Last fall I had an opportunity to deliver a pair of presentation skills sessions at the Arkansas Early Childhood Association Annual Conference in Little Rock. Everyone I encountered during the few days that I was in Arkansas showed me an amazing time, the session participants were engaged throughout, and then I got on a plane and returned home. What did the participants do with the concepts I’d taught?
Recently, I exchanged a few messages with one of the conference organizers – Michelle Pounds – and was amazed to hear how they had extended the learning from my sessions. It can serve as a model for how organizations can get the most out of their investment in sending people to a conference, maximizing the possibility that the learning is applied in the real world. Following is a brief description of what Michelle and her team did to keep the learning going, written in Michelle’s words: Continue reading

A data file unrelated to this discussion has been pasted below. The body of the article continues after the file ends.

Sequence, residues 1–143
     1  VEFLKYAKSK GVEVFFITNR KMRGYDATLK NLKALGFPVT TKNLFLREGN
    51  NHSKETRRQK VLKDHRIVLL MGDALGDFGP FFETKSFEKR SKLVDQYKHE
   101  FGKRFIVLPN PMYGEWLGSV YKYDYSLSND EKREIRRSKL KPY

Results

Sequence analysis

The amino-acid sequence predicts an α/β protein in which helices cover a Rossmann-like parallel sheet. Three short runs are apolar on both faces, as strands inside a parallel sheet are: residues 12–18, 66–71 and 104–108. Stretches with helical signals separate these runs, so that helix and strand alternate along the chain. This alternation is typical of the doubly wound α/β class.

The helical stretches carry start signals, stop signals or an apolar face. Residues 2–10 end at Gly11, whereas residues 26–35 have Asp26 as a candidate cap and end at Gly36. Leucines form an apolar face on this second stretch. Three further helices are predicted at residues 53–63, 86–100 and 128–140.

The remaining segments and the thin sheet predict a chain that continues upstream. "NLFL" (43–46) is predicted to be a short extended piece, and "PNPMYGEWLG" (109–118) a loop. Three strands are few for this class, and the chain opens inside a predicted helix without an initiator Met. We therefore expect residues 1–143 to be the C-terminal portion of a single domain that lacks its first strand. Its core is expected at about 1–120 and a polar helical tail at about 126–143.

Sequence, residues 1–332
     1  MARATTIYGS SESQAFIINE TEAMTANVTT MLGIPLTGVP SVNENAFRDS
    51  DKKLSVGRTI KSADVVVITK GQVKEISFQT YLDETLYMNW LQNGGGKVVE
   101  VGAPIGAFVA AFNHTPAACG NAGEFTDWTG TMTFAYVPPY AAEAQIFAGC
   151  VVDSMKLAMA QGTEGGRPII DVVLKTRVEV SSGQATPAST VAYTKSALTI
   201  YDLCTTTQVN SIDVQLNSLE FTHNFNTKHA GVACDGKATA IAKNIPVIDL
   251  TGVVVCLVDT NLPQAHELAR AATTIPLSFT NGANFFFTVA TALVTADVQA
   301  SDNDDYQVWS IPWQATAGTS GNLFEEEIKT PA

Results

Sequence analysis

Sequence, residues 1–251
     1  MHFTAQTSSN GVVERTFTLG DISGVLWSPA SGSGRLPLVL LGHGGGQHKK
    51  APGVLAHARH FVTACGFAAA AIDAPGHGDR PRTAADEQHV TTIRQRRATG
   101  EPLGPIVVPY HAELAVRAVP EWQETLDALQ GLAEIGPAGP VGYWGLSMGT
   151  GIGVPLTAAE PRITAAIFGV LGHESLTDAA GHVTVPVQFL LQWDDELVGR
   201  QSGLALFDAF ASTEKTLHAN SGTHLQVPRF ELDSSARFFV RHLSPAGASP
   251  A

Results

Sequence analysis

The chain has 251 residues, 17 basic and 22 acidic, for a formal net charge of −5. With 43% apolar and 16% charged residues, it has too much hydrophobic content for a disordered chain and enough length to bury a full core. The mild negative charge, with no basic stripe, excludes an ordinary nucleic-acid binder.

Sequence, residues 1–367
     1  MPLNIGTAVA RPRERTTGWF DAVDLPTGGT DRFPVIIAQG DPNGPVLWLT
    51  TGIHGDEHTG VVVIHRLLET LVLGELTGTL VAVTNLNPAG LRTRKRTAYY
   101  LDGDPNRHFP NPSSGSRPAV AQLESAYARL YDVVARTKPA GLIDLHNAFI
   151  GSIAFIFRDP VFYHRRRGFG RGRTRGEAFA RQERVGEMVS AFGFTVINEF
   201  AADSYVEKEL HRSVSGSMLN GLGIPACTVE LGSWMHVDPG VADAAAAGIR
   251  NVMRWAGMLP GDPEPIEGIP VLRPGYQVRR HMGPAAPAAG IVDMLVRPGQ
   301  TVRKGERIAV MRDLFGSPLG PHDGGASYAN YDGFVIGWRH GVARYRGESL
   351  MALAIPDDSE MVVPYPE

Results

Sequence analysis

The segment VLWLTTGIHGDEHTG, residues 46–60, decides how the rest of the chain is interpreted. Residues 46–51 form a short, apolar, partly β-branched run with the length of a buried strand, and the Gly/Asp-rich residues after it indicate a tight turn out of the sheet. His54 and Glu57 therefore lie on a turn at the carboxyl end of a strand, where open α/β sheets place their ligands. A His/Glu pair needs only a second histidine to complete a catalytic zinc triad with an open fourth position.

Following is a guest post from Betty Dannewitz, who generously offered to share her experiences with the Train Like a Champion community. Be sure to share your thoughts about this case study with her in the comment section.
We know how the story goes.
- Step 1: Trainee hears about a great class.
- Step 2: Trainee shows up ready to learn.
- Step 3: Trainee loves the class and soaks up all the knowledge like a sponge.
- Step 4: Trainee leaves class excited and energized.
- Step 5: After class, all content falls out of trainee’s head.
- Step 6: Trainee does nothing with the new skill set.
- Step 7: Cycle repeats.
Techniques to Get Training to Stick